Showing gratitude for bees this Thanksgiving

Many Thanksgiving favorites wouldn’t be the same without bees

Save the bees

Malia Libby

Former Save the Bees, Associate, Environment America Research & Policy Center

As family and friends gather to celebrate Thanksgiving this year, it’s important to remember what got you to that table. Sure it’s the hard cooking labor in the kitchen and the difficult travel some family members took to get there. But we should also set aside time to reflect on some smaller, unheralded creatures that made our meal possible. Simply put, bees have made numerous contributions to most families’ hearty Thanksgiving feasts. Without bees, some of our signature holiday dishes would even lose their namesake ingredients — such as the pumpkin in pumpkin pie. 

In fact, if you go down your Thanksgiving list, the bee plays an indispensable role at the Thanksgiving dinner table. Below is a list of foods that rely on bees:

  • Green bean casserole: onions
  • Sweet potato casserole
  • Stuffing: onions
  • Cranberry sauce
  • Roasted vegetables: brussels sprouts, carrots
  • Pumpkin pie
  • Apple pie
  • Coffee

From the savory to the sweet, bees make the delicious foods on our plate possible. These bee-pollinated staples add color and nutrition to our plates year-round.

Thanksgiving staples that need bees. Yellow labels indicate ingredients that rely on bees. Blue labels show foods that have an indirect but often complementary relationship with bees.

While a bee-less Thanksgiving would still have the centerpiece turkey and a few sides, they would be less flavorful without pollinators. The butter used in creamy mashed potatoes and soft dinner rolls, as well as other dairy products, gets a big assist from bees that pollinate the alfalfa that feeds cows.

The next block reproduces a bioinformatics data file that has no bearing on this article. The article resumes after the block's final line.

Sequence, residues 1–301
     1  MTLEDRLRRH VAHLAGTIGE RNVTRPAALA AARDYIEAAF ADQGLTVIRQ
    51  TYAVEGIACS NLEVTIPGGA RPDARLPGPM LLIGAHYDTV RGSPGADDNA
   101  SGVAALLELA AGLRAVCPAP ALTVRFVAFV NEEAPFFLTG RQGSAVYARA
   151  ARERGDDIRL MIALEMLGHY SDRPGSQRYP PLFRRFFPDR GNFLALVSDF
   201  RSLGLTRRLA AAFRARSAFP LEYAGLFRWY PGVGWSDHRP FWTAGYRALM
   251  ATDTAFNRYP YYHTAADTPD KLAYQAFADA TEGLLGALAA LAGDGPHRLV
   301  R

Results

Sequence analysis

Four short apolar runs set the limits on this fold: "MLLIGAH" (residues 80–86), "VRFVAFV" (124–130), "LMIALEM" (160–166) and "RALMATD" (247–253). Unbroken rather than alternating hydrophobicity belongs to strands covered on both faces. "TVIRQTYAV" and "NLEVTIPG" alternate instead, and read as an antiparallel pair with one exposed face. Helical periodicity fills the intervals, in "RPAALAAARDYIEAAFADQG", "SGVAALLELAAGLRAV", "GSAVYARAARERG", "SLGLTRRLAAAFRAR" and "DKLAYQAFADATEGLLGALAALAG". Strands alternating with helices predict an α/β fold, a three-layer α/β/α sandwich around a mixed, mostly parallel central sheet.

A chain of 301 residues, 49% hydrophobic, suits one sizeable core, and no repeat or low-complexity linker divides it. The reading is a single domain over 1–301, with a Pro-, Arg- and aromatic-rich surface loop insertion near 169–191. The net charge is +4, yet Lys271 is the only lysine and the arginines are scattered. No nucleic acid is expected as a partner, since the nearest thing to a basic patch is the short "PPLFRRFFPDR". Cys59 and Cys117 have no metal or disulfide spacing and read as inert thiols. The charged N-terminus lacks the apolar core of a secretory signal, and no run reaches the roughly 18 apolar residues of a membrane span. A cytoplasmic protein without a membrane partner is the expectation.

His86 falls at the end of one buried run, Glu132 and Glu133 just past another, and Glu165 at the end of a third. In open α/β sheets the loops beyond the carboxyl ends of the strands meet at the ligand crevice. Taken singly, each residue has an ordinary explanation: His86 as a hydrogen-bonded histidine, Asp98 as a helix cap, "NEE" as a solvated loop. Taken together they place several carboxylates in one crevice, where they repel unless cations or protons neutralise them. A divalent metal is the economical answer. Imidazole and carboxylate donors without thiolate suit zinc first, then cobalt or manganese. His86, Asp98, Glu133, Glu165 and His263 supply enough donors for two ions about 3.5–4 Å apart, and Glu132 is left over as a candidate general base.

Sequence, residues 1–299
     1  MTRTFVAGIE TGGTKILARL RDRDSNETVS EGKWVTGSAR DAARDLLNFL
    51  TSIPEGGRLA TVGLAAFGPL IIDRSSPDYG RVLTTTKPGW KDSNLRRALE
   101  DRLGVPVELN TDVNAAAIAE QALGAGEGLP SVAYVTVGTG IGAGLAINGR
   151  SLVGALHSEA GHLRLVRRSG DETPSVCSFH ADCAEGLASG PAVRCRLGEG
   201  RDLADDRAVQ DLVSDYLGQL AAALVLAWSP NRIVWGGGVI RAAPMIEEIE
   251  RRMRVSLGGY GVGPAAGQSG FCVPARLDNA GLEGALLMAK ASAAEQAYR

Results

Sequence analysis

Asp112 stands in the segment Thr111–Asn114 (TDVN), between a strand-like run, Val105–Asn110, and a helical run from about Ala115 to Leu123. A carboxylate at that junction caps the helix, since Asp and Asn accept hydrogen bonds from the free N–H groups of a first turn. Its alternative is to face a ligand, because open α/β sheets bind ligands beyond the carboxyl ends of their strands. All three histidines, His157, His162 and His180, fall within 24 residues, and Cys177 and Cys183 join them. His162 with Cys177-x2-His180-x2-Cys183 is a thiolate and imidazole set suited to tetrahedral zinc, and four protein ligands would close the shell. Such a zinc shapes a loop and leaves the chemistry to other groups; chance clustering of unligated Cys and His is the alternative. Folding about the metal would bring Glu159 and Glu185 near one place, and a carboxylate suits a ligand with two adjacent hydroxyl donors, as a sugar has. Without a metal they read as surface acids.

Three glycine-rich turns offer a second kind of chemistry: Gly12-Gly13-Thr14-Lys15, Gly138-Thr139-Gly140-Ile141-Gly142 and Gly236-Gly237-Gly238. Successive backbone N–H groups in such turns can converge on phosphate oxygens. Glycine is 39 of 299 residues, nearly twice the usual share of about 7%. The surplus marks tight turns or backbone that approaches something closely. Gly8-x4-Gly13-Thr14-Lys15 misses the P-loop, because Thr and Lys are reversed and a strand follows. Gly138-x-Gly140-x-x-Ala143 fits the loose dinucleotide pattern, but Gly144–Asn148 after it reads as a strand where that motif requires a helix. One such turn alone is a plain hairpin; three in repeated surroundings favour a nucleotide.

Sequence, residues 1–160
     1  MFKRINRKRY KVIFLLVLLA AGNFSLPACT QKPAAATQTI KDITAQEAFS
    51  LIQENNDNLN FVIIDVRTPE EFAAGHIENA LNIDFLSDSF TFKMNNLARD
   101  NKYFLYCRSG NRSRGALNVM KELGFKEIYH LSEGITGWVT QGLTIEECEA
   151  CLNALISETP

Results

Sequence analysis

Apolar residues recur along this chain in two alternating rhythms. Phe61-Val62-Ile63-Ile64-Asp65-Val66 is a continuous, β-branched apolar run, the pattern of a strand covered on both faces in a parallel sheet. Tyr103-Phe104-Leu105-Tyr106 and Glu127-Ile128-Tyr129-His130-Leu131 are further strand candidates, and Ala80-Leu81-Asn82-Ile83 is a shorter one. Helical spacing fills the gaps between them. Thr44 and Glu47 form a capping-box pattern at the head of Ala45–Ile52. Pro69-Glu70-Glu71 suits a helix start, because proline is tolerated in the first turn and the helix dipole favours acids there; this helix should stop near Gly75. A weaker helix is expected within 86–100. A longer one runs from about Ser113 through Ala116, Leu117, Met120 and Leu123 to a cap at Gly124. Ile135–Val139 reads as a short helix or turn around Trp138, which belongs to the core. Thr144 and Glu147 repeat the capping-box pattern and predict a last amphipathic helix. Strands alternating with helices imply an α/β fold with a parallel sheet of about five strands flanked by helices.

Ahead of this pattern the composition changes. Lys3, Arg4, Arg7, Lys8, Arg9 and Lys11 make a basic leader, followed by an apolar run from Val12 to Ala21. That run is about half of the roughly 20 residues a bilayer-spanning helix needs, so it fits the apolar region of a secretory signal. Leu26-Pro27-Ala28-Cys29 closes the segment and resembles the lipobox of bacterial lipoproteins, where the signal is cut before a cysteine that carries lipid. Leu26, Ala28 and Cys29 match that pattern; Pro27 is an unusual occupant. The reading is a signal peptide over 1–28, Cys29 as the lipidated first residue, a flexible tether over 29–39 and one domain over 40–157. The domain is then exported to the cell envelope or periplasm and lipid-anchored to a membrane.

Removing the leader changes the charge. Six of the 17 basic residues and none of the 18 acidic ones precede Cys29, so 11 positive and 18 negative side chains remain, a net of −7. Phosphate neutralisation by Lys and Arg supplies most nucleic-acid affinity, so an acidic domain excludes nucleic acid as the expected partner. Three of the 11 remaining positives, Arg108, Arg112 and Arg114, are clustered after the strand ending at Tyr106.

In addition, a farm turkey’s diet typically has a base of corn and soy, neither of which needs bees to grow, but visits from those pollinators can boost crop yields for soy. And what’s more, many of the herbs used to season the bird, including thyme, rosemary and sage, are bee favorites.

Wine connoisseurs and novices, like myself, can thank bees for contributing to the age-old beverage as well. Grapes are not directly pollinated by bees, but the cover crops used to enhance vineyards’ performance and wine flavors rely on bees.

Nature’s best pollinators help create the flavors of Thanksgiving. Above, a bee pollinates apple blossoms.

Despite how much they have to offer to our Thanksgiving feast and beyond, bees face challenges that are putting them in peril. Pesticide use, habitat loss and climate change are among the major factors that hurt bees.

The United States has 4,000 species of native bees, yet more than half of species examined are in decline. Honey bees are also faring poorly. Last year, U.S. beekeepers reported losing 45.5% of their colonies, which was the second highest annual loss rate on record.

As we give thanks for bees this holiday season and look ahead to making our new year resolutions, there are a few ways you can help save these pollinators.

  1. Plant a bee-friendly garden. Gardens are havens for bees and other pollinators. Incorporating a variety of flowering plants helps support many bee species. Contact your local nursery for native plants that are favorites of bees.

  2. Reduce your pesticide use. Aim to create a low- to no-pesticide yard to avoid the unintended negative consequences pesticides often have on bees. And this Thanksgiving, consider adding organic foods to your cart, since these foods avoid synthetic pesticides known to harm bees.

  3. Call your elected officials. Make your voice heard by picking up the phone and calling your elected officials — city, state or federal — to urge them to support initiatives to increase bee habitat or reduce pesticide use.

During this Thanksgiving dinner, and the many meals of leftovers that follow, I hope you share my renewed appreciation for bees and take the next step to help ensure these amazing creatures thrive.


Top photo by Karolina Grabowska from Pexels. 


Malia Libby

Former Save the Bees, Associate, Environment America Research & Policy Center